Vorab: Ich bin kein komplett ausgebildeter Statistiker oder Marktforscher. Zwar beschäftige ich mich leidenschaftlich mit Zahlen und versinke auch in meiner Freizeit in Statistikbüchern, aber je mehr man weiß, desto mehr weiß man, was man nicht weiß. Die Weisheit habe ich nicht mit Löffeln gefressen, und ich bin immer dankbar, wenn Schlauere Feedback geben. Ich glaube aber, dass jeder einigermaßen klar denkende Mensch ohne Statistik-Grundkurs verstehen kann, wann Daten nicht sinnvoll erhoben wurden oder falsche Ableitungen erstellt werden. Continue reading
Kategorie: Data Science
Nachdem die geschätzten Kollegen von Sistrix die Headline “Content-Marketing: Blogs sind für SEO ungeeignet” in den Äther gehauen hatten, musste ich auch erst zwei Mal lesen… wie können sie nur sowas behaupten? 🙂 Allerdings meinte der verehrte Hanns eben nicht WordPress als CMS, sondern Blogs als Content-Format. Für manche war das der Beweis, dass WordPress Quatsch ist, auch wenn das nicht die Intention des Posts war. Hatte jemand Zahlen? Nein. Also. Data trumps Opinion. Continue reading
With the Facebook-Cambridge Analytica scandal in mind, it is obvious that FB has lots of data that are of interest to researchers. Whilst Facebook regards itself as a targeting and not an insights platform (that’s what FB employees told me), using the FB Ad Manager allows advertisiers to see how interests are connected just by playing around with that data. However, no raw data is provided.
In order to create a good survey, you should
- do a pre-study with experts
- test your survey or interview with test users and asking them for feedback
Google Optimize is part of the Google Analytics 360 Suite, and the free version allows website owners to perform 5 tests simultaneously or using it as a means of personalization. Having said that, the free version does not allow to use Google Analytics segments so that onsite retargeting is impossible.
One of the main differences between Google Optimize and most of the other test tools out there is the use of Bayesian Inference in contrast to Frequentist methods; this will be further explained in the next section.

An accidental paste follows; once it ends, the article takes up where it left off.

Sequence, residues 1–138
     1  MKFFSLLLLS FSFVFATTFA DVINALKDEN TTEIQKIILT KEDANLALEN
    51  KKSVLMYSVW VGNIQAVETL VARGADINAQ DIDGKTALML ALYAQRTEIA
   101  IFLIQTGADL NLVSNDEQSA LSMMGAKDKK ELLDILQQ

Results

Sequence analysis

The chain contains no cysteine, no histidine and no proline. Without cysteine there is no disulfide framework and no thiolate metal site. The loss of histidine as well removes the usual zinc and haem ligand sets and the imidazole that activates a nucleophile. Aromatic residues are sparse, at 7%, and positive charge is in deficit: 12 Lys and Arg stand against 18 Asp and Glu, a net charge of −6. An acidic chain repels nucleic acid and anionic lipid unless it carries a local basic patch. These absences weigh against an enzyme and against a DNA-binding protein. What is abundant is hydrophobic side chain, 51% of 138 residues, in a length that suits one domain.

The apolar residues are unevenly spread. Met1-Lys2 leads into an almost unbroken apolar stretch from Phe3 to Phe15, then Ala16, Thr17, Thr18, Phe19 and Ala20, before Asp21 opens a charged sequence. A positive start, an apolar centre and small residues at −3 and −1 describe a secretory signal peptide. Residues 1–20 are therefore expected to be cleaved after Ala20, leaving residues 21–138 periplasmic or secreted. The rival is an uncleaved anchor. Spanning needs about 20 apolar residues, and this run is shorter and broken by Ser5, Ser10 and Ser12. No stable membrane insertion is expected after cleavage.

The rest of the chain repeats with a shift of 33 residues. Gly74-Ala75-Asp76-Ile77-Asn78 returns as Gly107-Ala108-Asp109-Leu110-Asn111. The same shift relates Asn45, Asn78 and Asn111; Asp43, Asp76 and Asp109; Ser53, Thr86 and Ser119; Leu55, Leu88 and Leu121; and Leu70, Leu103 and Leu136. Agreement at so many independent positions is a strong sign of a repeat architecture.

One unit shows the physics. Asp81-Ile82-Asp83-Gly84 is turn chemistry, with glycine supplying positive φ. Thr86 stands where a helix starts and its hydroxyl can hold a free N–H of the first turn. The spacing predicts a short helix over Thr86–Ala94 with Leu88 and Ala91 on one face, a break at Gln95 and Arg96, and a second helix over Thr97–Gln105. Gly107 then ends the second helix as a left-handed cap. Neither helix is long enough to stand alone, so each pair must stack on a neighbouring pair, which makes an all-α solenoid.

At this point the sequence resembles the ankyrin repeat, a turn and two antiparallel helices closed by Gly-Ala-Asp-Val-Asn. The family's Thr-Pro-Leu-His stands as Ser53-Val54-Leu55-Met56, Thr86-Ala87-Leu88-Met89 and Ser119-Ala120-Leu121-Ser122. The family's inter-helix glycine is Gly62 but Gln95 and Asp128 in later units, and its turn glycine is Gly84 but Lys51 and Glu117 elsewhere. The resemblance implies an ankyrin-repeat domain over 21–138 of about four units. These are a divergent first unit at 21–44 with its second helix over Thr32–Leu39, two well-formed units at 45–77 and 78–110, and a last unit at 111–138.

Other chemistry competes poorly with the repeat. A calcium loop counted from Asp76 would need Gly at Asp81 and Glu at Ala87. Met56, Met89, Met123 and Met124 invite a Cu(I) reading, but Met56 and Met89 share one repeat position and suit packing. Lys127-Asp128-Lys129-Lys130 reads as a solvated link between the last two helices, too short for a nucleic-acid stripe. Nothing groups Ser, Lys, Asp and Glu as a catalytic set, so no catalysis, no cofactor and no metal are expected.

Web Analytics is a subset of data analysis, however, using also other data that do not come from a website alone. Often enough, other marketing data is connected, requiring additional knowledge about the increasing complexity of marketing technology. Without such expertise, the analysis and interpretation of such data is difficult if not impossible. And while the focus here has been on data mining and some basic statistics, we see more and more machine learning entering this space in order to cluster users and predict their behavior.
In addition, data questions become more complex and often cannot be answered with the Analytics packages alone anymore. As an example, a typical question could be what products are bought together in a shopping basket and how likely it is to see them together.
Data is the new oil (external link),, and data sciencist is the sexiest job of the 21st century (external link). But, in fact, the comparison with oil is not a good one, because oil is burnt and worthless after being used whereas data can become more valuable by being used. And the “sexyness” or R or Python is probably only seen by programmers, not by the average person.
In this course, we will look how data is collected on the web, how it is analyzed and what applications can be built based on this data.
SimilarWeb claims to provide data about web site visitors of almost every site on the web. According to their website, they are using panels, ISP traffic, Sites that submit their traffic directly to SimilarWeb, and crawlers (it is unclear what crawlers can do here to understand internet traffic of a site).
The panels are for example based on a browser plugin that every user can add to her or his browser. It will display some basic numbers from SimilarWeb for each site that this user visits. Having said that, it is obvious that users who would install such a browser extension will not be the average user, and it is has been proven that this data is skewed (see also this article written by Matt Cutts about Alexa, an Amazon service showing web traffic data, not to be confused with today’s Alexa).
Google AdWords is a product for advertisers that enables them to bid on search terms where they want their ads to be displayed (in fact, AdWords is also used for Display advertising, not only for search). AdWords includes a Keyword Planner that allows advertisers to examine how often a search term has been searched for in the past. Looking at search volume development over several years enables researchers to identify patterns that may be used for predictions.